Whether you’re from the West or the East, most people are familiar with the entertainment medium known as the Soap Opera. It’s a world where anyone and everyone can be connected in some way, from the main hero to the dog crossing the road in the third episode. Such TV Dramas can usually be cliché-a-plenty and have enough cheese for a week’s worth of lunches but this, however, proves not to be the case for My Lovely Sam-soon (aka My Name is Kim Sam-soon) which attempts to defy convention and cliché-ridden stereotypes, resulting in a rather original and entertaining drama series. It’s also important to note that it was the highest rating TV drama in Korea in 2005.
For starters, the character of Kim Sam-soon, played by Kim Sun-ah (S Diary), is a successful evolution of the “Sassy Girl” archetype: fiery, independent, occasionally foul-mouthed and foul-tempered and could drink most guys under the table. But while My Sassy Girl‘s protagonist carried the more traditional “thin and beautiful” portrait of Asian femininity with long silky-straight black hair, Kim Sam-soon is potentially the more modern interpretation of the “girl next door” – gracelessly average with a not-so-thin figure who can’t dance, sing or play piano.
The series opens very strongly, with crucial story establishment occurring within the first three episodes, and the last major character introduced by Episode 5. The pace and suspense are well-metered – the first few episodes really draw you in and by the time the incredible 7th & 8th episodes come around, you’re hooked for the rest of the series. Initially, some of the plot establishment might ring a little familiar – the contract relationship echoing some of My Tutor Friend, and the “drag the drunk girl home” routine is straight out of My Sassy Girl – but the rest of the plot and character development is quite clever and executed well. Towards the end, the story does begin to feel a little stretched across the 16 episode span, but it still feels well worthwhile. A mention should also go for the music which was scored well and appropriately. The main theme song “Be My Love” is pretty toe-tapping too.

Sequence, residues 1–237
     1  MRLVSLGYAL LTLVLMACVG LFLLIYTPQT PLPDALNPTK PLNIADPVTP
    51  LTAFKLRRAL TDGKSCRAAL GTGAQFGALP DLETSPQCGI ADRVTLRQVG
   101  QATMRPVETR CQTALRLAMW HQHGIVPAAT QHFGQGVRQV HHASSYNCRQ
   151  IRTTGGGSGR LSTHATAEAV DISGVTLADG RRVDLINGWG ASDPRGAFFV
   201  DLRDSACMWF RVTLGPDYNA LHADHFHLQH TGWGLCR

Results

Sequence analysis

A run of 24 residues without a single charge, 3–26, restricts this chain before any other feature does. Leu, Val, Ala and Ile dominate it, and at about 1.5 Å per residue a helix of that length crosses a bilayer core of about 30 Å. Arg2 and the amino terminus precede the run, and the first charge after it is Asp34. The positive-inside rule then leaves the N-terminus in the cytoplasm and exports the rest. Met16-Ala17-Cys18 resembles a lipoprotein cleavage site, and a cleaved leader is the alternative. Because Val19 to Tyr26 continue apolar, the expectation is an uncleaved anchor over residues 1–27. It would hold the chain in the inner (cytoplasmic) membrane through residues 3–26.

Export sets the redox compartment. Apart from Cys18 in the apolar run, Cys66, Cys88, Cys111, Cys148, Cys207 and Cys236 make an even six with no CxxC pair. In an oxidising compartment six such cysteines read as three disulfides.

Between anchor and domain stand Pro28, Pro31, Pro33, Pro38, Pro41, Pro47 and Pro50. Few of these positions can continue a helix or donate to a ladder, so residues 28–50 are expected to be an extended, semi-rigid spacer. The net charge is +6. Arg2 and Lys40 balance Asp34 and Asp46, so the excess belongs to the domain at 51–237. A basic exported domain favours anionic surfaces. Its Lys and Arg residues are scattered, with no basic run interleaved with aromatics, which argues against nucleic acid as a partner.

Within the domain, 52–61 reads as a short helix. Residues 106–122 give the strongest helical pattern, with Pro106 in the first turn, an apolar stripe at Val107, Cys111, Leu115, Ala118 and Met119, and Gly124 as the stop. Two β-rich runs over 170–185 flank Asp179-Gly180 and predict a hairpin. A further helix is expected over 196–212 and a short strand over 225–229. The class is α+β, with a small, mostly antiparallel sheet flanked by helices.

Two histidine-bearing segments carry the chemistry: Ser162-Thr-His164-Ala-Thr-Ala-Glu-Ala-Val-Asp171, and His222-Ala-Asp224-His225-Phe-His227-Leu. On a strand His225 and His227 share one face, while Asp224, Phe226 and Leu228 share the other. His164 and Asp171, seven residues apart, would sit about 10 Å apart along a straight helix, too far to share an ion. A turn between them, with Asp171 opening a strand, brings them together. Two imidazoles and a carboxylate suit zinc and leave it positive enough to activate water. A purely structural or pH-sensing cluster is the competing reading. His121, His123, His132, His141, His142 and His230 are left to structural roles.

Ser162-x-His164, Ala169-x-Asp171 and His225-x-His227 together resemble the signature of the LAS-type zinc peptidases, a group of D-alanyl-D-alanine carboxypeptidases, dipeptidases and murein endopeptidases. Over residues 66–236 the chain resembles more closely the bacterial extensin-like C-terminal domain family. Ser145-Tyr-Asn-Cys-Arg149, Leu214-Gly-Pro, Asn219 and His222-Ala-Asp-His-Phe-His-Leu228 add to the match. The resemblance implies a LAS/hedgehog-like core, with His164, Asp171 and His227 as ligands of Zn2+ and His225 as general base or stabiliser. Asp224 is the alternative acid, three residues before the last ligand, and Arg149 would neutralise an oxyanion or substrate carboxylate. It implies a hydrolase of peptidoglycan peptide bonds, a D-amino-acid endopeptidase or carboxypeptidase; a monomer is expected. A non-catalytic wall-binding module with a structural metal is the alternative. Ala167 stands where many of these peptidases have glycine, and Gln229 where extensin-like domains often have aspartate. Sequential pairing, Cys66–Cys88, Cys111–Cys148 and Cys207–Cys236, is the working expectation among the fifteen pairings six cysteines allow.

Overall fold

While the story overall is quite simple, the characters are colourfully illustrated and well-acted. One of the more interesting characters was Kim Sam-soon’s recently divorced sister (Lee Ah-hyun) whose thin diet-conscious character seemed to initially serve to highlight Sam-soon’s prosaic chubby persona, but later her revealed attitudes towards sex proved to be an interesting contrast to that of traditional Korean values. While her character was quite interesting, her side story was unfortunately bland and didn’t really go anywhere, which was a pity. The introduction of Korean/American Henry Kim (played by Michigan native Daniel Henney) was an anticipated eye-roller with his pearly whites and dashing good looks, but he quickly turned out to be one of the most interesting characters in the series. His was the tragic perseverance of unrequited love, something most audiences could relate to, which was carried out with sincerity and thoughtfully lacking any foreign stereotyping. His character also fitted well into his own side story, which was crucial to the functioning of the main plot elements, making his role a highlight in the series.
My Lovely Sam-soon is a romantic drama with a sprinkling of comedy. It’s a refreshing story about ordinary people living their everyday lives with enough quirkiness and originality to keep you glued to that couch.